A new mentoring scheme aims to boost the prospects of women working in aerospace.
Launched earlier this month on International Women’s Day, the online platform will offer users backing and guidance from other women employed in the sector.
“The UK is the country in Europe that has the least amount of women in engineering, and this includes the aerospace industry,” said UWE Bristol project leader, Sue Durbin, a specialist in gender inequalities in male-dominated industries. “Through this project, we want to empower women to gain confidence by receiving non-judgmental female-to-female advice and support, thereby enabling their careers to take off.”
The platform marks phase two of the alta project, originally launched in 2015 to provide career and social support to women; change the way they are perceived in male-dominated industries; and put an end to gender inequality in engineering. It is a partnership between UWE Bristol, the Royal Aeronautical Society,( RAeS) Airbus, Little Blue Private Jets, and the Royal Air Force, with additional support from Collins Aerospace.
The new platform is run by the RAeS as part of its commitment to delivering on the pledges it made as a supporter of the Women in Aviation Charter. Participants will answer a series of questions online, before the website’s algorithm matches up the mentee with a compatible mentor.
The platform also contains a wealth of information to support the mentoring journey, including videos produced by the alta partners, a dedicated handbook with in-depth advice and guidance, as well access to other mentoring materials produced by platform developers, Perform Learn Develop.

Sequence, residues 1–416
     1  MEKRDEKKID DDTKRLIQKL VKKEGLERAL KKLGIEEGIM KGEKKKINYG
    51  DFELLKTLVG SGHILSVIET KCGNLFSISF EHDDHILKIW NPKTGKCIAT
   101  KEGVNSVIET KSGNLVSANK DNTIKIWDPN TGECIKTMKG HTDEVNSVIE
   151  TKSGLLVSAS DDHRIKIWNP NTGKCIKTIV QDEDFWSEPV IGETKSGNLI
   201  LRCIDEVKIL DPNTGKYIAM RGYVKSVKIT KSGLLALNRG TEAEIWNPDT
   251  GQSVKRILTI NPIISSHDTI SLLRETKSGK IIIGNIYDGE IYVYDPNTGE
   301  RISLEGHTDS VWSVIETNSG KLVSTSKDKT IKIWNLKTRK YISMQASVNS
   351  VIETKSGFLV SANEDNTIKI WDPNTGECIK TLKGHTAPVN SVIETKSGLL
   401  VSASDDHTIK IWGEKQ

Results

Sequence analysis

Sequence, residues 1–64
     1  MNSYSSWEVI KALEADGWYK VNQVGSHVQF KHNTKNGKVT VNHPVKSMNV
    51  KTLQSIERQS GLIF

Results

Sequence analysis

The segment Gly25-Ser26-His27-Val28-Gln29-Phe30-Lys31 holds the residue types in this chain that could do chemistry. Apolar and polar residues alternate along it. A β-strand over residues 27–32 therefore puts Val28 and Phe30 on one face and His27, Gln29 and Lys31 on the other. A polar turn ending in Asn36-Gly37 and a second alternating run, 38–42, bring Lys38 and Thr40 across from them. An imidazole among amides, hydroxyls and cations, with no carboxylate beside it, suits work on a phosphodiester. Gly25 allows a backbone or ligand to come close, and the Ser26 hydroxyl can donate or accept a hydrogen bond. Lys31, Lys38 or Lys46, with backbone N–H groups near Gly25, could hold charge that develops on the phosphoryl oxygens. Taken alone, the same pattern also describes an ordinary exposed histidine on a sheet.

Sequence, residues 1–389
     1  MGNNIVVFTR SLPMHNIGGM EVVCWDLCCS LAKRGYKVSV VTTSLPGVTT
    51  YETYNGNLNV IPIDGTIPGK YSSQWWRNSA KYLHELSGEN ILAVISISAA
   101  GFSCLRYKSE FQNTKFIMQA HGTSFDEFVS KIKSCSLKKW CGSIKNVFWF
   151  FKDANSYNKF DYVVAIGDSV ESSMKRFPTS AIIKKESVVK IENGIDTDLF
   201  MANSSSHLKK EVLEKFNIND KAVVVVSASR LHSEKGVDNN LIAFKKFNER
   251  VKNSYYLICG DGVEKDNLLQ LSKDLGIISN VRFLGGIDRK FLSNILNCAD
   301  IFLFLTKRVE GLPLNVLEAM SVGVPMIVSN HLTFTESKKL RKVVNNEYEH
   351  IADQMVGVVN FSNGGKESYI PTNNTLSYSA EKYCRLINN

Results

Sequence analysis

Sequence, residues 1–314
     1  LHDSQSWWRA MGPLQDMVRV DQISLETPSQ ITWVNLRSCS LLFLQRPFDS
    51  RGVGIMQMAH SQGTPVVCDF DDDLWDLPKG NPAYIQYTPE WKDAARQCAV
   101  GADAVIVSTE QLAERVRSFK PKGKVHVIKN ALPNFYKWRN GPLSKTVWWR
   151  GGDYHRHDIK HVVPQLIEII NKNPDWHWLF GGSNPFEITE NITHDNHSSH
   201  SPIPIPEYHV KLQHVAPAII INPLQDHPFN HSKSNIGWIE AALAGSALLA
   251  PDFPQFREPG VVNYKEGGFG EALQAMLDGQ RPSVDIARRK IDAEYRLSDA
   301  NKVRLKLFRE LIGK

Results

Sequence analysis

In addition to the platform, there will be alta networking and mentoring events throughout the year to help mentors and mentees meet face-to-face, as well as provide insights into career development and management.
Sarah Minett, chair of RAeS’ Women in Aerospace and Aviation Committee, said: “Our new alta platform will provide a fantastic source of support, enabling women to connect with experienced females in key roles in the industry, including senior leadership, flight deck and engineering roles. We hope to see greater retention of women within the sector as well as more women returning to the industry after caring breaks. In turn, this will contribute to companies’ efforts to close the gender pay gap and help build more balanced and diverse organisations.”
Professor Durbin added: “Such assistance can help women feel valued, assist them in getting into leadership positions, and increase female retention in the industry. It might also help them gain confidence, receive assistance when they are returning to work after a maternity break, or reduce their suffering from ‘impostor syndrome,’ whereby they feel they don’t deserve to thrive in a male-dominated workplace.”
The mentoring project comes at a time when many young women taking STEM subjects are failing to enter the engineering workforce. Women engineers also often drop out of the industry or fail to return after maternity leave.
Organisations looking to help can become alta supporters by making a small donation to ensure its ongoing development and support.
Click here to visit alta’s online platform.